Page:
by Matt Sarge
The Obama Administration recently proposed new IRS rules that could begin to reign in campaign spending by tax-exempt outside groups that expanded significantly since the Citizens United case in 2010. The current rules allow for non-profits to engage in political activity and lobbying so long as they are also “improving social welfare.” The new IRS rules would place a limit on the political spending of these non-profit groups, which would either lead to reduced political activity or registering as an explicitly political organization (such as a PAC).
Non-profits are currently exploited as vehicles for political spending because of the anonymity they offer to donors. Political non-profits are not required to disclose donors identities, unlike Super PACs and political parties. The new rules are controversial given both the vested interest that many prominent voices have in allowing for robust campaign expenditures. Additionally, given the recent scandal surrounding IRS treatment of Tea Party affiliated groups, any IRS rule changes that can be seen as limiting political speech are likely to ignite opposition amongst conservatives. Karl Rove’s Crossroads Grassroots Policy Strategies is a tax-exempt group that would be highly affected by the rule changes and is currently a major financing source for Republican candidates and causes, while the League of Conservation Voters would be the largest group impacted on the Democratic side. However, the rule change to the allowed political behavior of non-profits would have a disproportionate impact of conservative groups, as nine of the ten largest political non-profits in the 2012 cycle were Republican-leaning.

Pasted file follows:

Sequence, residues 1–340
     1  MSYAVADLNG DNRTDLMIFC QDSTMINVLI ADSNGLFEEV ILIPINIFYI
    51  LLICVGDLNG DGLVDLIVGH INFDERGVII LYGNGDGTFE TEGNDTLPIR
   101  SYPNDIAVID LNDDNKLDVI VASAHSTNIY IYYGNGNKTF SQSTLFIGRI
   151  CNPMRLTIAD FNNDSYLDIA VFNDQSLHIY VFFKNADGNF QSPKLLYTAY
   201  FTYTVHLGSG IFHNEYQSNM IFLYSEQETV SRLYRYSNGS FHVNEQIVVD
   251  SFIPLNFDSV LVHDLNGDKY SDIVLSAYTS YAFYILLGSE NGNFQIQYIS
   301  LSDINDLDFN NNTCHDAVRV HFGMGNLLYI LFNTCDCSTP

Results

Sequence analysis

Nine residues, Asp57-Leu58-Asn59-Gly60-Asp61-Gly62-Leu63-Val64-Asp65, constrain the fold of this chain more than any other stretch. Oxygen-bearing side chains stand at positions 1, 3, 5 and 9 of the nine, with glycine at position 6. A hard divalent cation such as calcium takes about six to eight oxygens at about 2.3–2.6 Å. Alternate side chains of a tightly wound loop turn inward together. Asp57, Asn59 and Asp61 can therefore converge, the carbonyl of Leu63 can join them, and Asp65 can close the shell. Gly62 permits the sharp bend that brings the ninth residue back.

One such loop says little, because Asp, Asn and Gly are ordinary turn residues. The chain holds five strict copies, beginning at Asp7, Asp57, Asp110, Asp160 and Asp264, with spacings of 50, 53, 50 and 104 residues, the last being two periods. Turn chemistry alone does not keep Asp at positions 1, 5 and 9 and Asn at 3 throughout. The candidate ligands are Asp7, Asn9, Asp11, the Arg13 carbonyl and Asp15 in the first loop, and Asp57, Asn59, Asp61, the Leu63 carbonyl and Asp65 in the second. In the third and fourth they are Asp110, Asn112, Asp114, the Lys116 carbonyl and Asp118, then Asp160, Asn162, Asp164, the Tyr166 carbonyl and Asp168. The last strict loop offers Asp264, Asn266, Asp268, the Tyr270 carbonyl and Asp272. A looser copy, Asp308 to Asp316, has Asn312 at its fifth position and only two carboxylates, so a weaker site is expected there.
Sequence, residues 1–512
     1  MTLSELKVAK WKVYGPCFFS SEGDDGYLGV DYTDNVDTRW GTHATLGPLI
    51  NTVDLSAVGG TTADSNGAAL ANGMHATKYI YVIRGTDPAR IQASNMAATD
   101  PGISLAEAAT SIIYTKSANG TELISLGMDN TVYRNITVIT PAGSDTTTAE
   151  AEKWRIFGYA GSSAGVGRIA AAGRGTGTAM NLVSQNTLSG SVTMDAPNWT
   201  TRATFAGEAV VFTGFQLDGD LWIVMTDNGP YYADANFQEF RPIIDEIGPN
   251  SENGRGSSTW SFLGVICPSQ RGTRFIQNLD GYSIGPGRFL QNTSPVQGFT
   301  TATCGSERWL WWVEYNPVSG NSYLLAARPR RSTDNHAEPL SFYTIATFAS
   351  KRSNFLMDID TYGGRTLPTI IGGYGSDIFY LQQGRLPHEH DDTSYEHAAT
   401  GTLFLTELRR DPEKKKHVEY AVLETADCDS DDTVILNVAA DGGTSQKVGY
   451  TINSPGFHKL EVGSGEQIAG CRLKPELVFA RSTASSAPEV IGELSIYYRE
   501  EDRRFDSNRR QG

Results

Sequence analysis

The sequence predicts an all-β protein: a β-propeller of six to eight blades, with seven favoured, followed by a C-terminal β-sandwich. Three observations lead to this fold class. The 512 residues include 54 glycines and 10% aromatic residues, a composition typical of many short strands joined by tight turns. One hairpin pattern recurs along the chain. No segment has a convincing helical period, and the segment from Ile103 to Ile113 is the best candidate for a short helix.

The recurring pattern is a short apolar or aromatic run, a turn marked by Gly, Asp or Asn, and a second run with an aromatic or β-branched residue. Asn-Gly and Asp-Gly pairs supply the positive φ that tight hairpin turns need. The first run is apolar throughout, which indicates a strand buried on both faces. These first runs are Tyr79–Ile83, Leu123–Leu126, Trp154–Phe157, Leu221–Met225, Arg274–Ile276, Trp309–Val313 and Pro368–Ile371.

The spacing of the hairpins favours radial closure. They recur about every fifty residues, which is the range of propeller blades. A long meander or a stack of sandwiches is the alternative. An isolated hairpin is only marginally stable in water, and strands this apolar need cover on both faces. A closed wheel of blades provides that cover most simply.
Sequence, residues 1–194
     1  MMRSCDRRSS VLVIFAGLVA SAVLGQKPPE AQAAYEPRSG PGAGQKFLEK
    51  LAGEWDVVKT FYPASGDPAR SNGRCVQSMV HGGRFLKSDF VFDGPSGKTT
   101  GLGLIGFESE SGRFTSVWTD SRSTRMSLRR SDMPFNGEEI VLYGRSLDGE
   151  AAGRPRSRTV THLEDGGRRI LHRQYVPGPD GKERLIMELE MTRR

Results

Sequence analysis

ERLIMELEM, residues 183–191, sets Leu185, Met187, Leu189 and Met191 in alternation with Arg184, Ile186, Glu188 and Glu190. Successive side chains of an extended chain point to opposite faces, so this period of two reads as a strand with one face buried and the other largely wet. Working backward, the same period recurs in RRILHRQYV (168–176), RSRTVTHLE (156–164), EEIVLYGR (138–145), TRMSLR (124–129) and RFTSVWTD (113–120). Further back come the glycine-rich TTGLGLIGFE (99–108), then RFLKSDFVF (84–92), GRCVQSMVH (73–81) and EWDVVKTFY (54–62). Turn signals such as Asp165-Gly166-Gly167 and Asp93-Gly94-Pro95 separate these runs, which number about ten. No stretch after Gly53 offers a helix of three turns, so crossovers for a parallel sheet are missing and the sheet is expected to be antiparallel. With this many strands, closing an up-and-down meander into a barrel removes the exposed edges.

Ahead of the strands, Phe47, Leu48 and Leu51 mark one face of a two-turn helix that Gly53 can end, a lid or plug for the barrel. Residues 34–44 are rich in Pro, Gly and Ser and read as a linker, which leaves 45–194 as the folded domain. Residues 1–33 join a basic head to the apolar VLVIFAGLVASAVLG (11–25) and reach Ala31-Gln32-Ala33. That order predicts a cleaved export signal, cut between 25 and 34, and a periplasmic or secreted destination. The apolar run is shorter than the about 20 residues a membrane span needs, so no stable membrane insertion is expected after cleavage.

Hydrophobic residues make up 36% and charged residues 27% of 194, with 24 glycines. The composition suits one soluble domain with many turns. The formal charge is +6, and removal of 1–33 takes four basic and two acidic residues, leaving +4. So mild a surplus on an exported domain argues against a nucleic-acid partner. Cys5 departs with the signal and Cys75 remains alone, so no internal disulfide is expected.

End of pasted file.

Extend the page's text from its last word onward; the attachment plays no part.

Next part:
Outside Spending by Type - Center for Responsive Politics
Spending by tax-exempt social welfare groups has been a major source of campaign expenditure growth, more so than unions and trade associations. Because finance rules often affect Democratic-leaning unions differently than the political non-profits that Republicans rely on, campaign finance issues can become politically charged. However, given the recent proliferation in spending by political non-profits, curbing the political activities of the 501c (4) tax exempt groups that flourished in the wake of Citizens United is an obvious attempt to limit the influence of anonymous money in politics.
If the rules are approved, corporate spending on elections is not necessarily going to be curtailed. Given the vast array of options that corporations and mega-donors have for getting their money into an election, the only effect that the proposed rule changes may have is forcing more of that money to go through channels that require disclosure. The SEC recently dropped a proposal that would have required public companies to disclose all political donations to their shareholders. So while corporations may not be required to disclose, more may choose to donate their money through political groups that require disclosure due to the proposed new rules governing political activity of non-profits. In a post-Citizens United world, limiting the influence of money in elections is unlikely – but that influence may have to be a little more transparent.
by Matt Sarge